From my perspective, this is a curio: an inexpensive white wine made for the German market. I was sent samples by the apparently indefatigable Leigh Gilligan, whose various ventures enjoy strong distribution, and seem to resonate strongly, in Germany. The interest for me, apart from the wine itself, is the marketing approach, which draws explicitly on Australia’s reputation for “sunshine in a bottle” wine styles. While this approach is now hotly contested in the local industry, there’s no doubt Australian wine is known in export markets largely for this type of wine, so if nothing else I’m eager to taste wines with a claim to representing the style and, hence, a certain face of the industry.
The interest in terms of what’s in the bottle relates to a particular concept of wine at this price point, something Chris recently touched on. He described a certain kind of wine as “fermented grape juice beverage product;” drinks that are technically wine but stylistically about as far as you can get from the generally accepted definition. Of course, I’m applying a massive, snobby value judgement to this description, even though I have no desire or ability to argue with the enjoyment many gain from imbibing [yellow tail]. Then again, what I do have is a desire for authenticity at all price points, and I believe well-priced wine does not need to taste like an industrial, wine-flavoured beverage.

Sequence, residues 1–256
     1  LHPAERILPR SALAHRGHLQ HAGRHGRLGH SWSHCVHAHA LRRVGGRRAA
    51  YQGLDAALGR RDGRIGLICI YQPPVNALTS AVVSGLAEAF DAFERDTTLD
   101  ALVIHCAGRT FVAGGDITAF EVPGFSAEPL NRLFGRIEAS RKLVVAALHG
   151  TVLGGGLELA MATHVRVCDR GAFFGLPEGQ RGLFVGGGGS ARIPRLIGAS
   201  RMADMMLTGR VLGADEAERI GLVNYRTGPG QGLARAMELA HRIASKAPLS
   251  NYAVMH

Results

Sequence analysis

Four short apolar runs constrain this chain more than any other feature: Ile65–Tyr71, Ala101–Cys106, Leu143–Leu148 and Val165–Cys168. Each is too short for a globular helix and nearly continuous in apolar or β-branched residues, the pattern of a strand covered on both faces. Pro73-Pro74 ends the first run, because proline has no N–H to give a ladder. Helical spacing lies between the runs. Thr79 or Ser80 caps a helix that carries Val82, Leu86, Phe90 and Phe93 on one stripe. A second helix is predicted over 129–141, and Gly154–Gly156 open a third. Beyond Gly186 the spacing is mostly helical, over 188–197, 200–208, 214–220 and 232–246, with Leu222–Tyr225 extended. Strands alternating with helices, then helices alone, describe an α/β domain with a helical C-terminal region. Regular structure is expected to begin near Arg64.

I’m vindicated in this belief by this wine, at least. It’s not a secret Grange by any means, but it looks, smells and taste like real wine. It’s easygoing, with bubblegum florals, a bit of sharp citrus and sweeter, rounder fruit that oddly reminds me of Lipton’s peach iced tea. There are no varieties listed on the bottle, and from the aroma profile I thought there was some Rhone action in there, but no, it’s mostly Chardonnay with a splash of Sauvignon Blanc and Chenin Blanc. The palate is soft and cuddly. More peach tea, a hint of crisper florals and, well, not a lot else. So complexity isn’t a high point, nor is it the aim I should imagine. Rather, this wine delivers generosity, a round mouthfeel of satisfying viscosity and perhaps just a hint of residual sugar to help it go down. It’s a bit low in acid, which translates to a somewhat clumsy progression through the mouth, if not outright flab. But it’s hard to argue with the tasty flavour profile here.
Great barbeque wine. Nicely done.